for (int k = 0; k < outChannels[0].SampleCount; k++)
                    {
                        outChannels[0][k] = Delay.ProcessSample(inChannels[0][k], "L");
                    }
                }
                else
                {
                    VstAudioBuffer inChannelL;
                    VstAudioBuffer inChannelR;
                    if (inChannels.Length == 1)
                    {
                        inChannelL = inChannels[0];
                        inChannelR = inChannels[0];
                    }
                    else
                    {
                        inChannelL = inChannels[0];
                        inChannelR = inChannels[1];
                    }
                    for (int k = 0; k < outChannels[0].SampleCount; k++)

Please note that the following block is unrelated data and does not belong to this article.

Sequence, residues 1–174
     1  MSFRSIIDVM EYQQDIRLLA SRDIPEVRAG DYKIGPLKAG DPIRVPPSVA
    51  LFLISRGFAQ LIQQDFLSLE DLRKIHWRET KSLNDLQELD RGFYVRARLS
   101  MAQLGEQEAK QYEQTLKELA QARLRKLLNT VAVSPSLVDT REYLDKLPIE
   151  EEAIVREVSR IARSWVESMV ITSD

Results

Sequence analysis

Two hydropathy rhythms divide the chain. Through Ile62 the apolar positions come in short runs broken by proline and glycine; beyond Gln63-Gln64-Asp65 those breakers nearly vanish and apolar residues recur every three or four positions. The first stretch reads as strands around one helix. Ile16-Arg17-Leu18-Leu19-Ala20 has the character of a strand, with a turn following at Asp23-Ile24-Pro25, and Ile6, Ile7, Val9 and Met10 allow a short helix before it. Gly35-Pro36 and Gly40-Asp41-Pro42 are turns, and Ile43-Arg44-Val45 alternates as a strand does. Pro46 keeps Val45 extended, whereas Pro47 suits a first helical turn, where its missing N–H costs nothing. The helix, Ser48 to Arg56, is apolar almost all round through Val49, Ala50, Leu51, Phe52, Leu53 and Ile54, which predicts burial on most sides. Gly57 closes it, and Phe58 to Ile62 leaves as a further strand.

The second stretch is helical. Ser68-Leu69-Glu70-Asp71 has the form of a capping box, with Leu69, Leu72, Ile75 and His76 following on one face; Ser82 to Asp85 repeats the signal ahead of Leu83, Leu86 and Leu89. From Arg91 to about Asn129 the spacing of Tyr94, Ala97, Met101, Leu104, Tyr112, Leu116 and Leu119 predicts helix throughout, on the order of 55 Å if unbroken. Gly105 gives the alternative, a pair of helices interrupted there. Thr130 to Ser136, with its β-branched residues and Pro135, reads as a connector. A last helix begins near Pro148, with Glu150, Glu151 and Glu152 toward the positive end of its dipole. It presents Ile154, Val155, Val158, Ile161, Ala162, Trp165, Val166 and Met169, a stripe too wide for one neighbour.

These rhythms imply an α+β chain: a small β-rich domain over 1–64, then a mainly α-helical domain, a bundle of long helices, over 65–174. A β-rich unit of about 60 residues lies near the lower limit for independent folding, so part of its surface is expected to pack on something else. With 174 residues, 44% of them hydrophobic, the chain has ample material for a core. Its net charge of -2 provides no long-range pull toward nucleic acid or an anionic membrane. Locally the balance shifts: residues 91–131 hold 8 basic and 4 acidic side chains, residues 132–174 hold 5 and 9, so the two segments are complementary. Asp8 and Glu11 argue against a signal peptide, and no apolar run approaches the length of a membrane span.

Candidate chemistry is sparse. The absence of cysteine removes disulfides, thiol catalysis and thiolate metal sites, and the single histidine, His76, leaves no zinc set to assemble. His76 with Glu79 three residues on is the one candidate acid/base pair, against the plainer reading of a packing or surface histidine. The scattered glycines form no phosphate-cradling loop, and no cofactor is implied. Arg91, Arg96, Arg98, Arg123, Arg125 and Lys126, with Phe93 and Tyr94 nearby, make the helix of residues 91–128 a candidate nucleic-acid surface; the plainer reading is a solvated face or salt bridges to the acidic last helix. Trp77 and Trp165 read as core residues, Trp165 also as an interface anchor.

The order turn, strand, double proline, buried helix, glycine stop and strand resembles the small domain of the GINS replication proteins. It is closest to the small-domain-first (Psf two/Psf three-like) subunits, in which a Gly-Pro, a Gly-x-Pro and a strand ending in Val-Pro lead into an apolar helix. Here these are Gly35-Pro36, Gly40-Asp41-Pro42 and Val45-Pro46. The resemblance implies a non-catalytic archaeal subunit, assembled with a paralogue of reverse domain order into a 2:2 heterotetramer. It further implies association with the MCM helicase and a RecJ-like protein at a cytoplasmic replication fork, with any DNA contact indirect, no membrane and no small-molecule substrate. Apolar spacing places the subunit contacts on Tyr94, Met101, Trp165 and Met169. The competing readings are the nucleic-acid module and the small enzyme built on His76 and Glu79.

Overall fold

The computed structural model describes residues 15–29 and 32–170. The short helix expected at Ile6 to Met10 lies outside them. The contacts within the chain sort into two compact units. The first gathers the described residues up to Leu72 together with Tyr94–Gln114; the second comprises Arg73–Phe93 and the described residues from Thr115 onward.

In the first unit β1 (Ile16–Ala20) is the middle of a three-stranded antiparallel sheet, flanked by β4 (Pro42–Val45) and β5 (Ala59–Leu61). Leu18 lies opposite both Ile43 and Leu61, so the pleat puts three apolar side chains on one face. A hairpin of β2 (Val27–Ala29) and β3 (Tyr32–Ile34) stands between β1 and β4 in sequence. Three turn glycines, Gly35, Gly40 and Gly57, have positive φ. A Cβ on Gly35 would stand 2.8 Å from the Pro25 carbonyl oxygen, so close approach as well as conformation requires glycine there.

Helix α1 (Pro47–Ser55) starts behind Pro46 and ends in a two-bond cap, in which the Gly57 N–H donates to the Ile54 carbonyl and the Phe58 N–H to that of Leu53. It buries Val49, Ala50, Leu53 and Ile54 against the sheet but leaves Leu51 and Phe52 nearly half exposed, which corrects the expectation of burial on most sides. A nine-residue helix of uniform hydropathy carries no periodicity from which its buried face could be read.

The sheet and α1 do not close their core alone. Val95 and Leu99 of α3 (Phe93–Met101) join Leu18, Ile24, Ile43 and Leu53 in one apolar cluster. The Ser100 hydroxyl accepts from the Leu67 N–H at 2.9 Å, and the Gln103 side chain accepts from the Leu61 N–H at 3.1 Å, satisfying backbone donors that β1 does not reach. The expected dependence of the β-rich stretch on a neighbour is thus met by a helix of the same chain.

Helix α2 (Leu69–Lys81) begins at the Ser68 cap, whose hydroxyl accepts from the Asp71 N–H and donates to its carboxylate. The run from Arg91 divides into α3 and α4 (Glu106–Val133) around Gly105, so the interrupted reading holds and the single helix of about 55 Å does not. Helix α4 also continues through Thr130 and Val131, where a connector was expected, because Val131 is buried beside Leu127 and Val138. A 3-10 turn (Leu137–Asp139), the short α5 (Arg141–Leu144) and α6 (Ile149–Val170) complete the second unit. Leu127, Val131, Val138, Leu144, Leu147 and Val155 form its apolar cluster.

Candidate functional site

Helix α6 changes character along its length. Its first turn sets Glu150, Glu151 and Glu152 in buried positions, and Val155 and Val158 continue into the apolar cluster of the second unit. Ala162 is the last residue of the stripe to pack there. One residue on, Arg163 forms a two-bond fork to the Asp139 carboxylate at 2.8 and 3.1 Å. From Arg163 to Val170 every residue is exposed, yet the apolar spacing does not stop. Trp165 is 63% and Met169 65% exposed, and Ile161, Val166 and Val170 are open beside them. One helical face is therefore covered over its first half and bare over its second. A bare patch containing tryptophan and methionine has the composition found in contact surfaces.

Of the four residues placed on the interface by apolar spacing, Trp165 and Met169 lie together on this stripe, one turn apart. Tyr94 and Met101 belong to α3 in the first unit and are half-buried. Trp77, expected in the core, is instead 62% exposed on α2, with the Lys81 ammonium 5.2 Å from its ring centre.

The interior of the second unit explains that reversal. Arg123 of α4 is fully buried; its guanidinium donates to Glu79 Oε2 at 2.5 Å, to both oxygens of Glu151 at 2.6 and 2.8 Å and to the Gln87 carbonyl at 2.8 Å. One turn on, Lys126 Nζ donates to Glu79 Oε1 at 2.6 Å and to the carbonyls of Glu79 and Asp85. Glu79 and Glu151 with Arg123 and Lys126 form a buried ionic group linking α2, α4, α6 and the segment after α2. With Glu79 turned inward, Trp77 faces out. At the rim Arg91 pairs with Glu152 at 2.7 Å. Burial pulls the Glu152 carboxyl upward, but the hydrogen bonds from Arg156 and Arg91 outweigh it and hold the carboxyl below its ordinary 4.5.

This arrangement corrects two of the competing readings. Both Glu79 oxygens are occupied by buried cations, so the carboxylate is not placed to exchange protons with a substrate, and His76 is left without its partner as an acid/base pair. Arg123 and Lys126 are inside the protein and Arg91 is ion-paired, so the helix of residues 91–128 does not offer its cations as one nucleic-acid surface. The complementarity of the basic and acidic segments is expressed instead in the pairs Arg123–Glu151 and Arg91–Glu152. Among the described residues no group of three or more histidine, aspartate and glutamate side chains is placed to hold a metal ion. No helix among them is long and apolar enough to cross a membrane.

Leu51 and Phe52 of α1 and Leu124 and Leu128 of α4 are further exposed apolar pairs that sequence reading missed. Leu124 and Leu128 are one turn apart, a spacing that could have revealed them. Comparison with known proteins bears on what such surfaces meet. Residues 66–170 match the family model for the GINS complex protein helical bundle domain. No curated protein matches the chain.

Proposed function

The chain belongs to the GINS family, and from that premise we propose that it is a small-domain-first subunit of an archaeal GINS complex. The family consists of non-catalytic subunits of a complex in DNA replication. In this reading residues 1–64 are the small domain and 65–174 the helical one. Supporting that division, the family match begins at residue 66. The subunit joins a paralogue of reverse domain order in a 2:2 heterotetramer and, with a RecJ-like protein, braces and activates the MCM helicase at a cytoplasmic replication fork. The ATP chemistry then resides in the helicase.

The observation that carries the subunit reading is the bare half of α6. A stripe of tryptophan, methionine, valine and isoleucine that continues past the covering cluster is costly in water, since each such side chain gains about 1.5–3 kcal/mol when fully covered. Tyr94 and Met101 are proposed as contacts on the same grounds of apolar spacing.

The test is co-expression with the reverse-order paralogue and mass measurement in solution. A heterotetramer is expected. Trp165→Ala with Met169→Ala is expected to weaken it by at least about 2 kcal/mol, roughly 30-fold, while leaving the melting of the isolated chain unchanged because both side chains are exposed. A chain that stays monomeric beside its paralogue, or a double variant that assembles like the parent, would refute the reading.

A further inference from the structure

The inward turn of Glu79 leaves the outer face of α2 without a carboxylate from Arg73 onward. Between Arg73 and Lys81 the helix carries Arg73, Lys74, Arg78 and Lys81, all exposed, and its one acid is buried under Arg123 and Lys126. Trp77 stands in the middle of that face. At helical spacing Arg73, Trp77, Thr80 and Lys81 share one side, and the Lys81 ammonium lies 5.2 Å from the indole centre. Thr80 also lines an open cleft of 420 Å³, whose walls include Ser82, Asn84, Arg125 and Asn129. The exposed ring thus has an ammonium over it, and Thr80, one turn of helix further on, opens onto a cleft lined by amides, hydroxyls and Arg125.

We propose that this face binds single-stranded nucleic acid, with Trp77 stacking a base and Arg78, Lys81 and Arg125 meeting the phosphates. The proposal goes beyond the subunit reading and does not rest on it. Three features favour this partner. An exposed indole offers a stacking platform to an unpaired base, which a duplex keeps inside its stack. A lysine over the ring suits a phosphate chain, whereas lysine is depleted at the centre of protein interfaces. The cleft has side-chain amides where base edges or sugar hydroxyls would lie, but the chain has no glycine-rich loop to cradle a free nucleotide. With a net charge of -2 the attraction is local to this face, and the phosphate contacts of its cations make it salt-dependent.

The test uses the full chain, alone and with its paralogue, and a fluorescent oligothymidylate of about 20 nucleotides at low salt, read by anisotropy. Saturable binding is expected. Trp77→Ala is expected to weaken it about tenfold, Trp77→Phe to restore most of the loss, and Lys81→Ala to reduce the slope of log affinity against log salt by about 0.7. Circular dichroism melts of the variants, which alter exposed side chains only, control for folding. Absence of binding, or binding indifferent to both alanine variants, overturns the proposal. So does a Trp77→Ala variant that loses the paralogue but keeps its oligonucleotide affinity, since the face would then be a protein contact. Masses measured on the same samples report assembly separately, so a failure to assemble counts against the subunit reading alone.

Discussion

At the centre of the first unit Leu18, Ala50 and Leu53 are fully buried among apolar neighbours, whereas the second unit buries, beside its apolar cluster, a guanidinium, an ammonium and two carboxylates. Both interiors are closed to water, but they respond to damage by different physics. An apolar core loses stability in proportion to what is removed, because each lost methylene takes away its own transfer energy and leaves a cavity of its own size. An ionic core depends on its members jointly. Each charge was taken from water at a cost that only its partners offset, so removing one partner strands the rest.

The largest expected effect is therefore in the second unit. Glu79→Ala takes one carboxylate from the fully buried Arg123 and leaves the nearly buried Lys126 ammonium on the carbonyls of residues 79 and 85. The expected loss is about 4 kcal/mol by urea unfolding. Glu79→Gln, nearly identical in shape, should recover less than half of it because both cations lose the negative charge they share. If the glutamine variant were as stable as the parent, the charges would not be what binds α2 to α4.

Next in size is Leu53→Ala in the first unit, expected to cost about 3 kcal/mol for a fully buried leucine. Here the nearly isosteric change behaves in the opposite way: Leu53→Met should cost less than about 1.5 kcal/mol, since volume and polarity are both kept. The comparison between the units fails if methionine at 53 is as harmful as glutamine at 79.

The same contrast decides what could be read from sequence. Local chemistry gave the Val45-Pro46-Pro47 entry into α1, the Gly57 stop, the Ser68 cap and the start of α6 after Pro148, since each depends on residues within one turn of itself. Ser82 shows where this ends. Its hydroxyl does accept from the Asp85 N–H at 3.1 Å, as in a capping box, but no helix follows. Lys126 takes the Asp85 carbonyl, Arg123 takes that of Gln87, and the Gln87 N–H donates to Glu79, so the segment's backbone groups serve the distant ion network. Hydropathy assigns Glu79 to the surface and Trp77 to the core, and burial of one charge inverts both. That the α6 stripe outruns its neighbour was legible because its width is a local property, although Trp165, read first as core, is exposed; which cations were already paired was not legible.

{
                        outChannels[0][k] = Delay.ProcessSample(inChannelL[k], "L");
                    }
                    for (int k = 0; k < outChannels[1].SampleCount; k++)
                    {
                        outChannels[1][k] = Delay.ProcessSample(inChannelR[k], "R");
                    }
                }
            }
        }
I know it is not very elegant and has a lot of repetitions, but in this way it is easier for me to explain the process and see if you find it correct. using this code I have no more cracling.

have a nice day!
Sep 6, 2013 at 9:53 PM
It seems like your problem was failing to completely fill the ouput buffer.

If the number of channels for your use case isn't fixed you should consider doing nested loops like the first code block instead of hardcoding to a maximum of 2 channels.